Unusual Occurrence of Dentoalveolar Manifestations in a ...· In this case report a β thalassemia...
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IntroductionThalassemia is the most common type of hemoglubinopathies transmitted by hereditary. These disorders are characterized by decreased or absent synthesis of globin chains (Alpha () or Beta ()). This results in a deficient hemoglobin structure with erythrocytes unable to carry adequate oxygen to cells causing insufficient tissue perfusion and delayed growth and development. In thalassemia, globin production can range from near normal to complete absent leading to wide range of symptoms. In the most severe form of the disease ( thalassemia major), severely reduced or absent synthesis of globin chains from both genes (homozygous state) occurs, which results in splenomegally, growth retardation, irritability, pallor, skeletal abnormalities and maxillofacial complications. Thalassemia trait (minor), resulting from heterozygousity for thalassemia, depending on the rate of chain production presents as clinically asymptomatic or with very mild symptoms such as pale or shortness of breath which is more prominent during situations requiring more oxygen such as exercise and pregnancy [1,2]. These disorders may be diagnosed in laboratory investigations by elevated hemoglobin A2 and normal or elevated hemoglobin F. Also, hypochromic and microcytic Red Blood Cells (RBCs) with or without slight degree of anemia can be seen .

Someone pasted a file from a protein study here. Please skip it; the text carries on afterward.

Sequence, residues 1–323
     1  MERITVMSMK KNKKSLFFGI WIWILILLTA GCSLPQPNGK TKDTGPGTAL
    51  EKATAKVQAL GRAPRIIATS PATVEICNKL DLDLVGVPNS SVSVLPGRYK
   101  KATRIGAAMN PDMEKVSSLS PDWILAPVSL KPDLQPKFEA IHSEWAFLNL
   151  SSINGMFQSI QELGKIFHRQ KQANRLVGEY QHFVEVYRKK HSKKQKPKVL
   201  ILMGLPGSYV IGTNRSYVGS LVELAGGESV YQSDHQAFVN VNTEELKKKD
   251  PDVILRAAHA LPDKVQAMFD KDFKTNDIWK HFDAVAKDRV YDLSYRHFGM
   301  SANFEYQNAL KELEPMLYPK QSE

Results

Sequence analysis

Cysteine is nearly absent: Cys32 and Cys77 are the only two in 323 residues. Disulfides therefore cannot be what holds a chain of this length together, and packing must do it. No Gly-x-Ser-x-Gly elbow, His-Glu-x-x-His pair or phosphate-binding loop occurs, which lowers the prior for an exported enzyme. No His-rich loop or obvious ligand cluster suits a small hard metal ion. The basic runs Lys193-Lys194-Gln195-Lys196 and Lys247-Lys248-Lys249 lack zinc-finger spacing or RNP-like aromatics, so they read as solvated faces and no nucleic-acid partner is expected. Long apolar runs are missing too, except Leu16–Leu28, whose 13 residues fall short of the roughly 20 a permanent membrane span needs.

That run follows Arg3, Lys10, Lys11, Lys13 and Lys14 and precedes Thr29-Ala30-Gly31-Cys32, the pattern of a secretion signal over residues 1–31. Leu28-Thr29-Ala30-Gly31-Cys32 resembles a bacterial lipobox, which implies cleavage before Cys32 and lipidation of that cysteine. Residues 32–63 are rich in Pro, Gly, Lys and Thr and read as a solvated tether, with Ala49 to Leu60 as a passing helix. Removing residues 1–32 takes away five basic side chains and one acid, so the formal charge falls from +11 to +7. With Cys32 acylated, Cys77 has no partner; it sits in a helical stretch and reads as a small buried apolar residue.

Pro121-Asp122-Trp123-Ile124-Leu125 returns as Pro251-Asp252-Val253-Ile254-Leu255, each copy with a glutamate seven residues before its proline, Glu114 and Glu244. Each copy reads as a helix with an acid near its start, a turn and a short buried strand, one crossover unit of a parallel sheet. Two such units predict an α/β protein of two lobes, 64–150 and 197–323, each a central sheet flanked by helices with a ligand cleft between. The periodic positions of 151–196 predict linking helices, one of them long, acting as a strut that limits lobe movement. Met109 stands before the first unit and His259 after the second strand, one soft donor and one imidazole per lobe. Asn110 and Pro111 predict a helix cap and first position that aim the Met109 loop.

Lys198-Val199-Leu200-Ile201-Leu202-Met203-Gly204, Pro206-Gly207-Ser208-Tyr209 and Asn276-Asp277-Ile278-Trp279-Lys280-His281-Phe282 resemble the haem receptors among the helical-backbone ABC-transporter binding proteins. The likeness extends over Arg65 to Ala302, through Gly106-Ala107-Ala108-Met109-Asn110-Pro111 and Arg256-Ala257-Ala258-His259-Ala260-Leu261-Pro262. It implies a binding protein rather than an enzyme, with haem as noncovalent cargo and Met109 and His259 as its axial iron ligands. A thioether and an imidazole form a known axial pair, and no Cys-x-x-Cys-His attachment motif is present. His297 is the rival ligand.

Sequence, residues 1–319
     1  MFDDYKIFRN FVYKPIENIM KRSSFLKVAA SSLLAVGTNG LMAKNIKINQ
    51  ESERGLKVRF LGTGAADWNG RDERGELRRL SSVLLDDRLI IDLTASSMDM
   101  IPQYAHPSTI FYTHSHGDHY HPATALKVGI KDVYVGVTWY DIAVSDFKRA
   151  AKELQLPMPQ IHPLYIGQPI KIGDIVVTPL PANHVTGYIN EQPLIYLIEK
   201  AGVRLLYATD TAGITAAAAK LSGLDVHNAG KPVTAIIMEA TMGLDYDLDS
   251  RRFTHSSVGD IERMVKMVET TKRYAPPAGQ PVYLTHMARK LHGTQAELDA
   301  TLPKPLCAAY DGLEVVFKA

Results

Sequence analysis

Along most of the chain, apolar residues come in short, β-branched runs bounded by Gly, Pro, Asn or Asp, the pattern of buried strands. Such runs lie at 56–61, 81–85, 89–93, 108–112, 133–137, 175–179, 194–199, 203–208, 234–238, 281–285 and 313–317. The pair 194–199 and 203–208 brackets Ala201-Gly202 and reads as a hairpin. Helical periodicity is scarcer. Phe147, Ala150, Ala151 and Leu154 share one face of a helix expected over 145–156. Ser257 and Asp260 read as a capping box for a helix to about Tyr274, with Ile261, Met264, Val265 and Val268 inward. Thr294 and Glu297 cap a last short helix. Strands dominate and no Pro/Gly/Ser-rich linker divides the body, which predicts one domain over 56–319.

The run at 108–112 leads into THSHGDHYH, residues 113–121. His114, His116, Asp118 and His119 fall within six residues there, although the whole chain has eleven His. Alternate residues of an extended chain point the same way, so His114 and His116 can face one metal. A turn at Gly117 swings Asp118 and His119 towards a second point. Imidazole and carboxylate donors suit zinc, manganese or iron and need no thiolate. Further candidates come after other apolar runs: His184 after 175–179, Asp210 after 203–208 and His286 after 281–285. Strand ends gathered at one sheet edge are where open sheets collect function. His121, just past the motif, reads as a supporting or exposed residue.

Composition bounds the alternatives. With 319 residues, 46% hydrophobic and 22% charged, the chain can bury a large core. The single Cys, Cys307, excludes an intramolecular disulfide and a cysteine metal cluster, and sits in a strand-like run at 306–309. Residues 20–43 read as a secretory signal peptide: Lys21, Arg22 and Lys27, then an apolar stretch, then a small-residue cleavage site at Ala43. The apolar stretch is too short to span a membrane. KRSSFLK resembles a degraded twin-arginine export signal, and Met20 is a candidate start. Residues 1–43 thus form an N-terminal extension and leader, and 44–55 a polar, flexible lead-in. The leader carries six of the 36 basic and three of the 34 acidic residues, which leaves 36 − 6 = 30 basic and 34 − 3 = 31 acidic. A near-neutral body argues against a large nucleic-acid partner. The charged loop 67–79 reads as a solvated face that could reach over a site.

Thalassemia intermedia is a condition where the lack of protein in hemoglobin is great enough to cause a moderately severe anemia and significant health problems including bone deformities and enlarged spleen. The severity of this condition is measured by the number of blood transfusions the patient requires in a period of time. Patients with thalassemia intermedia usually need blood transfusions to improve their quality of life but not in order to survive .
The incidence of thalassemia trait is 4.4 per 10000 live births and it is more common in people of Mediterranean origin and to a lesser degree, southern Asians and African Americans . Iran as an Asian country is also affected with a large number of thalassemic patients. The highest rate (more than 10%) is seen in Caspian sea and the Persian gulf regions. The prevalence of the disease in other areas is 4-8 percent.
Also, more than 2 million carriers of the thalassemia mutant gene are living in this country .